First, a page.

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Title: Teaching and learning in large tertiary Syrian classes : an investigation into students' and tutors' perspectives
Author: Ajjan, Mais
ISNI:       0000 0004 2726 0750
Awarding Body: University of Warwick
Current Institution: University of Warwick
Date of Award: 2012
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Teaching and learning in large classes has been an area of educational research interest for some decades now. Much previous research, however, has been largely positivist in nature and based on quantitative designs. Surveys have failed to document the ‘live experiences’ of those involved in large classes: teachers and students. The large class issue has often been treated as a single isolated factor without taking into account the complex interplay of the other contextual factors in classes. Although there is a wealth of speculative suggestion in the literature on how to deal with large classes, there is limited research into tutors’ accounts of good practice in large classes and students’ perspectives and preferences regarding these practices. With the above in mind and being firmly set on a qualitative ground and based on semi-structured interviews, classroom observation and observation field notes, this investigation aims to obtain insiders’ perspectives on the reality of being in a large class with limited resources, by eliciting teachers’ and students’ views in a Syrian university context. Data was collected in two phases within one academic year. Classes in the first phase were observed over a period of six weeks in four different courses taught by different tutors to the same cohort of (400+) students. First phase findings revealed that tutors and students held different views on the same situation. Being in a large class was just one factor among several that shaped their experience. Students did not mind being in a large class as long as they were taught by good lecturers. These findings were the motivation for the second phase of research where classes were also observed over a period of six weeks in four different courses taught by different ‘good’ tutors to a different cohort of (400+) students. The aim in the second phase was to look more closely, from students’ perspectives, at ‘popular teachers’ and at the ‘successful’ teaching practices they have developed to teach in large, under-resourced classes. Findings draw attention to important tutor and lesson characteristics which student interviewees considered the attribute of good tutors and good lessons in this specific context.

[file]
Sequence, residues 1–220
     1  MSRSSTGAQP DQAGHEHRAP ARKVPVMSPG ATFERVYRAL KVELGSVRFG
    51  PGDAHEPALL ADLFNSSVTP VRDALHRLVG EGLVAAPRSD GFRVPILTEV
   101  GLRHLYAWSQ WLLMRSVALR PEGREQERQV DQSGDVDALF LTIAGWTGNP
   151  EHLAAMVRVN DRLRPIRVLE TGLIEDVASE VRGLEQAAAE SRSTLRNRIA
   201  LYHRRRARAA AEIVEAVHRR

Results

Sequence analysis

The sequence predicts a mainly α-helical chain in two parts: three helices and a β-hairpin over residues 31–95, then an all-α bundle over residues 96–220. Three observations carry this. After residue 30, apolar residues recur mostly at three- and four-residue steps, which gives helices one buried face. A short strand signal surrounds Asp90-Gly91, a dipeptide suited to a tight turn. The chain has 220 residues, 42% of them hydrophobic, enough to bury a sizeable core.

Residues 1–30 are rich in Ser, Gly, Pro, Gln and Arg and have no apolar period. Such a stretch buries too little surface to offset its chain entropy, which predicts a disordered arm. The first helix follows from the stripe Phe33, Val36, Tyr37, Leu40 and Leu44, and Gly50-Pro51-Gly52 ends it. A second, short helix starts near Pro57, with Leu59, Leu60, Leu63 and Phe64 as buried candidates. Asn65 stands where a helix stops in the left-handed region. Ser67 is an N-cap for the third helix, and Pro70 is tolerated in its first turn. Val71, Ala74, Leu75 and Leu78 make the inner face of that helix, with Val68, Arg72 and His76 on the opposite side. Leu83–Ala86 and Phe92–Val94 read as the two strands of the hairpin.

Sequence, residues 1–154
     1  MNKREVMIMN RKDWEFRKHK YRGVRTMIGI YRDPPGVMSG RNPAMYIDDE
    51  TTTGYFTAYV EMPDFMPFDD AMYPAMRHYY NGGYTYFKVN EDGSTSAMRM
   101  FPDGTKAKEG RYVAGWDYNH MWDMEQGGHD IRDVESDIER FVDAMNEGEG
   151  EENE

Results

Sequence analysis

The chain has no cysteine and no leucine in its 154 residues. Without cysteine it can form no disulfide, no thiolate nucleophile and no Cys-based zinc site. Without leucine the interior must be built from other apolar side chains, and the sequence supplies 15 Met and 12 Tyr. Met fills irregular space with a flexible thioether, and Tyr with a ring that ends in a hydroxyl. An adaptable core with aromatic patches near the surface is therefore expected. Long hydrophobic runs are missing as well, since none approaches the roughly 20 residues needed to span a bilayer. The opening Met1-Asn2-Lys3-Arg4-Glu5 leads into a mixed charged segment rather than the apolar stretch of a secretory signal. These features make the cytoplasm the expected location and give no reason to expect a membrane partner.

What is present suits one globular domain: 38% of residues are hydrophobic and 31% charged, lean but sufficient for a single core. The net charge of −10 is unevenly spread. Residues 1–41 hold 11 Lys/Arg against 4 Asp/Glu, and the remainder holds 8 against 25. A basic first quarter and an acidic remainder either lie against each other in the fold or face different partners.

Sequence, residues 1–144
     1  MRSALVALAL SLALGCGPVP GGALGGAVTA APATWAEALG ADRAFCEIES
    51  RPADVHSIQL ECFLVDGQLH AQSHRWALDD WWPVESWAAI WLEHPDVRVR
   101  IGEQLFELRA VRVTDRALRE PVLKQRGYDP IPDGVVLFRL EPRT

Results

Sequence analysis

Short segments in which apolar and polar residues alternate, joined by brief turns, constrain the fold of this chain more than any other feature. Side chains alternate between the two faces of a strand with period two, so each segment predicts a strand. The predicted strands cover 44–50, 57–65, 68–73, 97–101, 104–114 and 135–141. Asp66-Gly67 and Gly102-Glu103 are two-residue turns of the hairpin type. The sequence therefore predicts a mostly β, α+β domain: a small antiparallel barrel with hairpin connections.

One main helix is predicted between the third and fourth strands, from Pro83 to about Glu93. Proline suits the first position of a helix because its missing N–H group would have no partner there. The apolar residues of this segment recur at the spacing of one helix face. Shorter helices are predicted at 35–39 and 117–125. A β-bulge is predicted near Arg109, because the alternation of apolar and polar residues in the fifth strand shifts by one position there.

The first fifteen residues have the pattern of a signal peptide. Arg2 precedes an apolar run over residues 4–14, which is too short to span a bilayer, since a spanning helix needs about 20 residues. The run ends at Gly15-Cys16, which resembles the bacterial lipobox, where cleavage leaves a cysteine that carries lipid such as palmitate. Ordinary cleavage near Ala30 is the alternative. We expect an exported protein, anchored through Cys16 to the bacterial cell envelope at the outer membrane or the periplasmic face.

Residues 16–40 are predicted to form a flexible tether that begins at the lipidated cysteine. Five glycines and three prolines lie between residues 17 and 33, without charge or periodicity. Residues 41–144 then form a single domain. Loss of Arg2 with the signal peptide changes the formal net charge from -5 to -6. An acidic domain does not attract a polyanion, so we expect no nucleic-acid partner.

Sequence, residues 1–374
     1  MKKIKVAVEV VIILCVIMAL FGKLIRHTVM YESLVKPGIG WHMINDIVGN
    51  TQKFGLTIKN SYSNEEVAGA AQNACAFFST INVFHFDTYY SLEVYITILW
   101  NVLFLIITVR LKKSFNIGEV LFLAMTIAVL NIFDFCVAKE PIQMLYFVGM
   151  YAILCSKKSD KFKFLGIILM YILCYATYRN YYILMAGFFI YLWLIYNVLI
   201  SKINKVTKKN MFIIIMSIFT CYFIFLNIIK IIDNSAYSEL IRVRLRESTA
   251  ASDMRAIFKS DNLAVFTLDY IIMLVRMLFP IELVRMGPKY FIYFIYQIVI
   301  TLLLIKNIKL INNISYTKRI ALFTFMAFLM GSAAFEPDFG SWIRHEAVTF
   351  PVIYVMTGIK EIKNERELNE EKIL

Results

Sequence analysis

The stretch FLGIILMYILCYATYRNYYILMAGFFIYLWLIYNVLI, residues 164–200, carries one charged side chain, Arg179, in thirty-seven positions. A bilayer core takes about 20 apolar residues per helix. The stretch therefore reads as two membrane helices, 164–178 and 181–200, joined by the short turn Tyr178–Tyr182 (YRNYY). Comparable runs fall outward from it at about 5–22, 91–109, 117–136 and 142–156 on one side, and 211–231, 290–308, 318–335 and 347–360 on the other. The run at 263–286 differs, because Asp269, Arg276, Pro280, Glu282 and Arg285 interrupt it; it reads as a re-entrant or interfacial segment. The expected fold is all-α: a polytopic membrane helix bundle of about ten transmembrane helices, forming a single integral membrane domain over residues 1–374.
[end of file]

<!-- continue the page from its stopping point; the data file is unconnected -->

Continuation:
Supervisor: Not available Sponsor: Syria. Wizārat al-Taʻlīm al-ʻĀlī [Ministry of Higher Education] ; Jāmiʻat Ḥalab [Aleppo University]
Qualification Name: Thesis (Ph.D.) Qualification Level: Doctoral
EThOS ID:  DOI: Not available
Keywords: LB2300 Higher Education